Saturday, December 29, 2007

More NCJRS Abstracts, December 28, 2007


NCJ 220668
Murray Lee
Inventing Fear of Crime: Criminology and the Politics of Anxiety
Willan Publishing

This book examines how fear of crime has been created as a problem, how it has assumed an empirical validity and a social scientific respectability, and how it became normalized as a socio-cultural term. After a historical account, two propositions are made regarding the nature of the fear of crime. First is that crime fear increased as a result of escalating recorded crime rates and general political disorder, or at least the perception of increasing crime. The second proposition suggests that crime fear had always existed but that it was only through the development of new methods of detecting and calculating it, of the evolution of technological and social scientific innovation, that the problem was identified. This set of propositions suggests a historical rupture of monumental proportions. However, both of these propositions or interpretations are suggested to be flawed because the question of “what is fear of crime” remains unanswered. This book has attempted to apply a new approach and subsequently a new set of questions to the issue of crime fear. These questions are (1) through which forms of knowledge or power has fear of crime become an object of social scientific enquiry and criminological concept; (2) how has this discourse of fear of crime subsequently come itself to have power effects; and (3) through which rationalities and mentalities are the power effects of fear of crime able to be exercised and what are the consequences? In the past few years, the difficulty of reducing fear of crime and concerted critical attacks on its legitimacy have seen it become a slightly more marginal concern for criminology. This book asks how and why fear of crime retains this cultural, political, and social scientific popularity despite criticism of its utility. Part one of the book traces the historical emergence of the fear of crime concept, while part two addresses the issue of fear of crime and political rationality, and analyzes fear of crime as a tactic or technique of government. References and index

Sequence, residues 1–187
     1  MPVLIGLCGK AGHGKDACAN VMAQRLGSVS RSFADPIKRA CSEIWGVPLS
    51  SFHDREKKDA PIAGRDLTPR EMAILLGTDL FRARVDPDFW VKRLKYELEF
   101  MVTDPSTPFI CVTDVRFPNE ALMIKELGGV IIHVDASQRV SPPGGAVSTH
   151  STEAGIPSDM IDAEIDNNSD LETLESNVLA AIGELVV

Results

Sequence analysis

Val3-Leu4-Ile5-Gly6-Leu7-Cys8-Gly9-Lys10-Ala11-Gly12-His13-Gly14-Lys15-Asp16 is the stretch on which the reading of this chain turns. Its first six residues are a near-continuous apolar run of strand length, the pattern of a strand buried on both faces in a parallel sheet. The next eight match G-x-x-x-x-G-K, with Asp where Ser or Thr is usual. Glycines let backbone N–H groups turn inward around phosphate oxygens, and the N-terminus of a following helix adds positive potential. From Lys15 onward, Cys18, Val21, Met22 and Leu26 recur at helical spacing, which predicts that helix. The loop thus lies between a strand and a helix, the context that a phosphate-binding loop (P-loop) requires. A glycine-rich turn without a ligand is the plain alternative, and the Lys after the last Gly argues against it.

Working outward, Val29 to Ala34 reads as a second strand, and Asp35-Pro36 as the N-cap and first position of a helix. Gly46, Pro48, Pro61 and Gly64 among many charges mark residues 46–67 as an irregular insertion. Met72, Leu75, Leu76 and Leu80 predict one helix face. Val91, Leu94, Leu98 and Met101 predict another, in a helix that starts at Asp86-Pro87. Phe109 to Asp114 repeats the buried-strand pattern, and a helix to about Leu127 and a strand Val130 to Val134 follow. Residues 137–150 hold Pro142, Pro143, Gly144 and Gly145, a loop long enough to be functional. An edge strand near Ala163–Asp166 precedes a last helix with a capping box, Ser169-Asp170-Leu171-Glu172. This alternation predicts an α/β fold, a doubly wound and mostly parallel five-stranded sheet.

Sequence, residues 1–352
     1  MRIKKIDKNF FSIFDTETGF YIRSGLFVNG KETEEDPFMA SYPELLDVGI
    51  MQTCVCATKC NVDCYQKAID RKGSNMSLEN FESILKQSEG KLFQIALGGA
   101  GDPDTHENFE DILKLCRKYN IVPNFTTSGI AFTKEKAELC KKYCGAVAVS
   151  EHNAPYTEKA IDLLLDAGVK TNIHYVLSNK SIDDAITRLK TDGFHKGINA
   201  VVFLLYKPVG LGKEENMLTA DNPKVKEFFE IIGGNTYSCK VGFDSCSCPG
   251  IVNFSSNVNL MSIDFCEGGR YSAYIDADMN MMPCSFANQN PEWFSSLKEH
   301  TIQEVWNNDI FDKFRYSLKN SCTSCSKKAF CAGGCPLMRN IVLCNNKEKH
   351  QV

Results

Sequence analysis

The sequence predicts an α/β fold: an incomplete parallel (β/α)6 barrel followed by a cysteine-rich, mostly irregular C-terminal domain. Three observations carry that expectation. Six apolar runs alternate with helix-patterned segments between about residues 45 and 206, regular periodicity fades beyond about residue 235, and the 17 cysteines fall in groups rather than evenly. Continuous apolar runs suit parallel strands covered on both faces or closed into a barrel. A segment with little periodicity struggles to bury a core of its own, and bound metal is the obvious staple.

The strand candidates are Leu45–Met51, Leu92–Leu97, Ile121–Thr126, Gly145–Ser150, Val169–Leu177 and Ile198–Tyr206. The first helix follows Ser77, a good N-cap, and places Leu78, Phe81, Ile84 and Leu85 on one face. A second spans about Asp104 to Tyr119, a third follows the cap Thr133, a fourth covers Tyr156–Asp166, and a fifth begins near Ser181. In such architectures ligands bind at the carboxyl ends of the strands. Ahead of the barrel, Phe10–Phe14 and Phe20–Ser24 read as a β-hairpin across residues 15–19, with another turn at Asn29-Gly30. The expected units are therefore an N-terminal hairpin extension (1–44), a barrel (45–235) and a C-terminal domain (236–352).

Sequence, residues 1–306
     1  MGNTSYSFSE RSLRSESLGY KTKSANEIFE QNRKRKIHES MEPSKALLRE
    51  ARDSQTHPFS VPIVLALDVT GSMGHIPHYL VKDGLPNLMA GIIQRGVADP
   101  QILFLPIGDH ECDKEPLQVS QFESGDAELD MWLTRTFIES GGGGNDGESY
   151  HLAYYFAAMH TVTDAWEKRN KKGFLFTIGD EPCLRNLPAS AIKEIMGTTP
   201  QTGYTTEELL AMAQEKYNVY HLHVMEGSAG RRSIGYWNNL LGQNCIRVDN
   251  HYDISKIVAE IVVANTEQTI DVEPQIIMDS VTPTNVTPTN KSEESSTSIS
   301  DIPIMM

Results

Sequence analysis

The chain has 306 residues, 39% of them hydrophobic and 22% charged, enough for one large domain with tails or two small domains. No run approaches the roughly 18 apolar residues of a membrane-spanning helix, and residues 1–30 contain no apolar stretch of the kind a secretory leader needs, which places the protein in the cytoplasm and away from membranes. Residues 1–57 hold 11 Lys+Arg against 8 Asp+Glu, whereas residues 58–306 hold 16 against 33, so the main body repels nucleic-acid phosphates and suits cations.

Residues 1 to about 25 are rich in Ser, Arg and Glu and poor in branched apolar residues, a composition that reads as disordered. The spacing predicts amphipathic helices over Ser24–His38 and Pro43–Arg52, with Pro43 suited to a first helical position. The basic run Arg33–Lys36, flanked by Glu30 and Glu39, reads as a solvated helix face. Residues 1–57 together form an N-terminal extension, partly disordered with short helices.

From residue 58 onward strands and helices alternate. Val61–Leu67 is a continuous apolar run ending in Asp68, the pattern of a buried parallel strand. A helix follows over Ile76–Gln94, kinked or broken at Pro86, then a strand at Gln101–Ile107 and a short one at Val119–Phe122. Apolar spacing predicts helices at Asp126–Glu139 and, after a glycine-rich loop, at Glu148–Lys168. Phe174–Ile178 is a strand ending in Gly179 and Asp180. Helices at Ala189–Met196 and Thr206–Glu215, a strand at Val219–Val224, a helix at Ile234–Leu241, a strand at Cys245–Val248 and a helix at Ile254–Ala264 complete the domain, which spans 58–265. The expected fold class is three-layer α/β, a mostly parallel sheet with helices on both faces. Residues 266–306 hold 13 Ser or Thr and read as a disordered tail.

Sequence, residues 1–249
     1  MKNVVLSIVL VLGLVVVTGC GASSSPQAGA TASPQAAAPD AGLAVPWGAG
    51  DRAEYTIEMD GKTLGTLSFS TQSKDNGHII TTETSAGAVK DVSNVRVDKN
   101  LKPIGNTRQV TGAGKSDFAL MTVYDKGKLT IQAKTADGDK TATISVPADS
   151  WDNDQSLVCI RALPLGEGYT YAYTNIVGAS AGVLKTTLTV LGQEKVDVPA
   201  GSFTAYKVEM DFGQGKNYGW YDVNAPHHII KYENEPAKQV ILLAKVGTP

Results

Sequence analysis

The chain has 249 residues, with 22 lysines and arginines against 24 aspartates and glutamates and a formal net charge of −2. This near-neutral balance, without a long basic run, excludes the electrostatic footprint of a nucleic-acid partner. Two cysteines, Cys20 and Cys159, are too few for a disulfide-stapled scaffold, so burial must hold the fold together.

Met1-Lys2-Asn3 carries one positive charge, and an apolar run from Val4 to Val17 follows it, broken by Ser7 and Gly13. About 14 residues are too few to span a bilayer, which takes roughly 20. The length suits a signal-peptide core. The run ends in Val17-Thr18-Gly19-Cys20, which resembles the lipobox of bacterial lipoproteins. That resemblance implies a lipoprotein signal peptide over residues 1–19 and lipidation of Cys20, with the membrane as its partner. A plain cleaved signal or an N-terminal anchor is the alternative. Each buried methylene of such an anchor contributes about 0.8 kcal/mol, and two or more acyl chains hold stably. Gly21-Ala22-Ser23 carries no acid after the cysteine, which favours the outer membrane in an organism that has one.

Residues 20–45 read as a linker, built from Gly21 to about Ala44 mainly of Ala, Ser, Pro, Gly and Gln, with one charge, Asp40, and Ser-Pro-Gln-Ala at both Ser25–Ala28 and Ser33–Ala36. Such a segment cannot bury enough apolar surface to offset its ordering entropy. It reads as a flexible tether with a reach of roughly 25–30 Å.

NCJ 220732
Paul J. McCusker
Issues Regarding the Clinical Use of the Classification of Violence Risk (COVR) Assessment Instrument
International Journal of Offender Therapy and Comparative Criminology
Volume:51 Issue:6 Dated:December 2007 Pages:676 to 685